The rule of law and protection of fundamental rights of citizens, including property rights, have an important bearing on economic development, apart from their intrinsic value in a decent and civilised society. Protection of human rights and impartial enforcement of laws require an independent judiciary and an impartial and incorruptible police force. An independent Judicial Services Commission, Police Commission and Public Service Commission can be ensured by the reintroduction of the 17th Amendment to the Constitution that would ensure good governance.

Transparency and accountability
Two elements of good governance, transparency and accountability have been woefully lacking. Transparency means that decisions are taken and enforced in an open manner that follows rules and regulations. For this to be realised information must be freely available and accessible to those who would be affected by such decisions.

Accountability of public funds is a key requirement of good governance. Flagrant violations of good governance revealed by the Parliamentary Committee on Public Enterprises (COPE) did not lead to remedial measures. The present regime could initiate measures on the basis of these reports.

Formidable problems
The fundamental macroeconomic problems of reducing the fiscal deficit, reducing foreign debt and bringing down the trade deficit that were discussed in the previous three columns cannot be resolved in a hundred days, but steps could be taken in the right direction. The first step is to recognise that these are serious problems requiring remedial measures.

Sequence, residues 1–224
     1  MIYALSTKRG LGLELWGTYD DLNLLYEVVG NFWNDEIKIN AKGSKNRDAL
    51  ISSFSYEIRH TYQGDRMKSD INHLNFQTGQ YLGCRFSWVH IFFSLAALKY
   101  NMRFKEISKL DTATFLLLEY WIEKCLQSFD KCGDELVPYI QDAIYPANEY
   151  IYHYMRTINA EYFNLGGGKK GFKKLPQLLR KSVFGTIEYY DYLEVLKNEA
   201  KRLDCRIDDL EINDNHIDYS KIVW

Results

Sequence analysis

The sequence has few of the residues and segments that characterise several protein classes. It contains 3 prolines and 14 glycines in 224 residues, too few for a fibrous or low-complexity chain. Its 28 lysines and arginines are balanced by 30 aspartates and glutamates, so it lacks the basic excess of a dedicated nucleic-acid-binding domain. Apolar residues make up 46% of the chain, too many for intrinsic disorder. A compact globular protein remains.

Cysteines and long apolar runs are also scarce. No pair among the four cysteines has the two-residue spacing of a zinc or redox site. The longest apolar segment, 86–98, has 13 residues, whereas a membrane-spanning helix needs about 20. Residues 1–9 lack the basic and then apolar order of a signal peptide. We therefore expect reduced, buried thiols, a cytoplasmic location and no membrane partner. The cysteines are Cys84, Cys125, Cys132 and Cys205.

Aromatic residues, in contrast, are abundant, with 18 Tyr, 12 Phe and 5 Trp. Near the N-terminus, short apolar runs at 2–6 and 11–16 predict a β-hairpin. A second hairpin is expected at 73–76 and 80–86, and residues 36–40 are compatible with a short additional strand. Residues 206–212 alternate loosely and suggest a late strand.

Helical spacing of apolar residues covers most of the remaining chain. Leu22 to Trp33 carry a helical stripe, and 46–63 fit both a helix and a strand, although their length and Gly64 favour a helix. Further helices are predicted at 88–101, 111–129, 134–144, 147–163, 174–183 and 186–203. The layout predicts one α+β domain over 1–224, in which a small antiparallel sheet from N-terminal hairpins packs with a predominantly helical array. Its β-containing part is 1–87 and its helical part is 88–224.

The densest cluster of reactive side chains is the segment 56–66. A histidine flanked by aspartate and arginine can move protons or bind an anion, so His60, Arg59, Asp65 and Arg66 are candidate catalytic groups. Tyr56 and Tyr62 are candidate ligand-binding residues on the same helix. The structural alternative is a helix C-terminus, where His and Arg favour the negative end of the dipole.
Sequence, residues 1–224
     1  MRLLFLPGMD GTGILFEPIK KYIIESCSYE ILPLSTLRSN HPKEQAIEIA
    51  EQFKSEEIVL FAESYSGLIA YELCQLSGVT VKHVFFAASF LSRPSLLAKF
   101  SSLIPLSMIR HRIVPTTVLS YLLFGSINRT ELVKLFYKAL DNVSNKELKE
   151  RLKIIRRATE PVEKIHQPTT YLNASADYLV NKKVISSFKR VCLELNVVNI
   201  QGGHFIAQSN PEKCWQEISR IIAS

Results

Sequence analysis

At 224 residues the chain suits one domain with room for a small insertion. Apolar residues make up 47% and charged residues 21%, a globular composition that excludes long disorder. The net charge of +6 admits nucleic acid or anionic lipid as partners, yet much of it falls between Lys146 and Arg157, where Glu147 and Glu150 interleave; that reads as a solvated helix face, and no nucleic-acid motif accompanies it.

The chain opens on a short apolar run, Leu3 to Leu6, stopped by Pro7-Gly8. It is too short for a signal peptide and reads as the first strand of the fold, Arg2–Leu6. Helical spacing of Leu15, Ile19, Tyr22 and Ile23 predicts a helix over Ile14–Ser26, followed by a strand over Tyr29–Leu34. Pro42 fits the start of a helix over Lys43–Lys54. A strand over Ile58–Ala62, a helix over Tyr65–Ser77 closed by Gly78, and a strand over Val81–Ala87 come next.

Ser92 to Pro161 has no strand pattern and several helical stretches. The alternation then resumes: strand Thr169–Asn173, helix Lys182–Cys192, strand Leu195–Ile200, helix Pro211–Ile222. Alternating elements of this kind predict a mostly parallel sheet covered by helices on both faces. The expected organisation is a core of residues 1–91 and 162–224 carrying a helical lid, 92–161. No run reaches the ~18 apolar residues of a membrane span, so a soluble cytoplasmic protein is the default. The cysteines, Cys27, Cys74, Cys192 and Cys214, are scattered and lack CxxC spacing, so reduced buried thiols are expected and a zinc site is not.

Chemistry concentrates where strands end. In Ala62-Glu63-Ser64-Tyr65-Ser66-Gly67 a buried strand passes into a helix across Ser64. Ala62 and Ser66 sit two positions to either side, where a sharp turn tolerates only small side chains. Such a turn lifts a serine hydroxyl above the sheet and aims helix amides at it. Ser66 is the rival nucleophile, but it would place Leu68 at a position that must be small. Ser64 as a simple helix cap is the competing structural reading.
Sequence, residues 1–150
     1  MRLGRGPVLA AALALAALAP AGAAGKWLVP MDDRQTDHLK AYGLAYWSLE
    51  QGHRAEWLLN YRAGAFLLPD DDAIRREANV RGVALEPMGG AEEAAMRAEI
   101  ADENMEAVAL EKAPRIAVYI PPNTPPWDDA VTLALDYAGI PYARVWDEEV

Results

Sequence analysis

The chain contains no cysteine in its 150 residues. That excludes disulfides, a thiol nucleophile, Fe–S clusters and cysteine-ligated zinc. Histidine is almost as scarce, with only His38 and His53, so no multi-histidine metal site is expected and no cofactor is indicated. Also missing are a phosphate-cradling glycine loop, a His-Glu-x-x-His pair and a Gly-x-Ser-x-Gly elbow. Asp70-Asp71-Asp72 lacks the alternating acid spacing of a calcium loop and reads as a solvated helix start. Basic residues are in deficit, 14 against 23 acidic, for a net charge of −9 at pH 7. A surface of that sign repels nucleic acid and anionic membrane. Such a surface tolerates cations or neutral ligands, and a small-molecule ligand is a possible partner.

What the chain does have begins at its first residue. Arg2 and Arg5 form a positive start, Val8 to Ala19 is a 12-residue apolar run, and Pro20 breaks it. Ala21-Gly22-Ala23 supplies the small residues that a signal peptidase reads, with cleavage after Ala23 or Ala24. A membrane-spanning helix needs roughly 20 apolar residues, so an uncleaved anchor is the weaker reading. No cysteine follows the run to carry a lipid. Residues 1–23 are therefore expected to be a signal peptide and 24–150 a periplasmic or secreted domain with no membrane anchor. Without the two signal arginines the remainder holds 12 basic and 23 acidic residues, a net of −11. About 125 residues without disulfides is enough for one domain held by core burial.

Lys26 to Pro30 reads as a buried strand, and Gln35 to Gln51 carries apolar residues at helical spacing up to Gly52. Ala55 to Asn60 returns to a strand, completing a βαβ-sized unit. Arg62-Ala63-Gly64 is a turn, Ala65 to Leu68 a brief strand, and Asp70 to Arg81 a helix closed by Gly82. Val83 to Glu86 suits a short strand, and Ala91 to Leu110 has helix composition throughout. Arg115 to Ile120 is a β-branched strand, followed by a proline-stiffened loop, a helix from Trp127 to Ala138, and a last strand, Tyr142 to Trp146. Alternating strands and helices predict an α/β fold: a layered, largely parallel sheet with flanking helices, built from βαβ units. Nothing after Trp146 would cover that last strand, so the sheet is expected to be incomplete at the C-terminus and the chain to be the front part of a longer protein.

Good economic management
Good economic management has a direct relationship to good governance. The careful and prudent use of public funds and accountability in the use of public finances is a fundamental tenant of good governance. Efficient economic management of public enterprises by capable, efficient and incorruptible officers is imperative. Good governance implies that public expenditure is allocated according to economic and social priorities and transparent methods are adopted in granting of government contracts.

The last government flouted these principles blatantly and interpreted good governance to mean “development” at any cost and getting things done irrespective of costs and benefits. The huge costs incurred in massive infrastructure projects without consideration of their benefits and the burden of servicing foreign debt were violations of the principles of good economic management.

Initial steps
What is needed in these first hundred days is clear evidence of steps to ensure good governance and good and efficient economic management. One of the key measures would be to remove inefficient and corrupt officials and appoint persons of proven capability, efficiency and integrity. There is evidence that this has been done in key positions with some excellent former Administrative and Foreign Service officers being appointed to key positions. It is important to ensure that efficient persons continue to replace inefficient and corrupt officials in government departments, ministries and public enterprises.

Good governance will be an important determinant of the pace and character of economic development in the next decade. The establishment of the rule of law, protection of property rights, safeguarding of human and fundamental rights, the implementation of justice, eradication of waste, prudence in public expenditure and minimising of bribery and corruption are among the facets of good governance that must prevail for the economy to grow to its full potential.

Lack of good governance — exemplified by ineffective enforcement of regulations, lack of independent institutions and incompetent public administration — leads inexorably to economic waste, inefficiencies and, as happened, eventually to political turmoil. In today’s complex global economy, sustained good economic performance requires a range of well-functioning institutions that do not fall within a single leader’s purview.